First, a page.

Grandfather ‘bashed by cops’ sues for $1.5m
A BRISBANE grandfather and Justice of the Peace who was allegedly bashed by police in a violent Australia Day arrest in Surfers Paradise is suing the State Government for over $1.5 million for unlawful assault and battery, false imprisonment and malicious prosecution.
Ray Currier, 53, was a youth worker with the Department of Justice and Attorney-General when he was arrested outside Melba's nightclub on January 26, 2015.
Video of the incident, captured on smartphone by a Melbourne tourist, appeared to show officers grabbing Mr Currier around the throat before knocking him to the ground and punching him several times in the head and stomach.
He and three co-accused were charged with offences including assault and obstructing police, but the prosecution was withdrawn in November 2015.
"The expectation from the community is that (police) brutality shouldn't be happening in our city," Mr Currier said outside Southport Magistrates Court after the charges were dropped.
In a statement of claim filed recently in the Brisbane Supreme Court, Mr Currier is claiming $1,517,895.30 cents in damages over the incident.
The claim alleges he was the victim of 11 separate assaults by police during the arrest, including being grabbed by the throat and punched in the chest and jaw.
After being "wrestled to the ground" by two officers, Mr Currier had his head allegedly punched into the pavement three times, despite him posing "no threat" to police, the claim states.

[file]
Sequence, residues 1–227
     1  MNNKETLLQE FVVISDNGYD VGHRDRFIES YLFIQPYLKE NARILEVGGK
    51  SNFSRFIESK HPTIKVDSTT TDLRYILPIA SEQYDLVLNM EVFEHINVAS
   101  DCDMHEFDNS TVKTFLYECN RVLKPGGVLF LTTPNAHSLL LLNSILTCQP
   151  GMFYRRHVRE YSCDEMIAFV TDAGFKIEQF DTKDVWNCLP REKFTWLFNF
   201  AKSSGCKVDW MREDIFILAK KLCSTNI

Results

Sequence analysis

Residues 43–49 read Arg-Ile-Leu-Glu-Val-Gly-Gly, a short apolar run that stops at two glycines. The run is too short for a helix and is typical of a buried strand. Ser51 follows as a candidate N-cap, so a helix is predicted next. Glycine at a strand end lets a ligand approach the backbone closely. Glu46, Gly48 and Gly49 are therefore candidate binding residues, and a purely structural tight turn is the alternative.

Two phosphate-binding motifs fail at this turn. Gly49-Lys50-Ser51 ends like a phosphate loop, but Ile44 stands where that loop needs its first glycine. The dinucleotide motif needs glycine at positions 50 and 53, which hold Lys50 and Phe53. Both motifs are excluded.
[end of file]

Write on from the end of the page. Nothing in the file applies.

It alleges that after being "manhandled" into a police van, Mr Currier was pepper-sprayed in the face and genitalia.
Mr Currier was also assaulted in the cell at Surfers Paradise police station, the claim alleges.
The claim alleges he was falsely imprisoned and that the prosecution was malicious because he had not committed an offence and police ought to have known that a successful prosecution would not occur because of the video evidence.
The claim also accuses the state of negligence in that police used excessive force, including manhandling him when it was unnecessary to do so, and arresting him without reasonable authority.
Mr Currier allegedly suffered a head injury, major depression and post-traumatic stress, and lost his job six months after the incident.
The claim states he has lost "amenity of life and has otherwise been damnified".
The claim seeks damages including over $1 million for loss of income and superannuation, and aggravated damages of $200,000.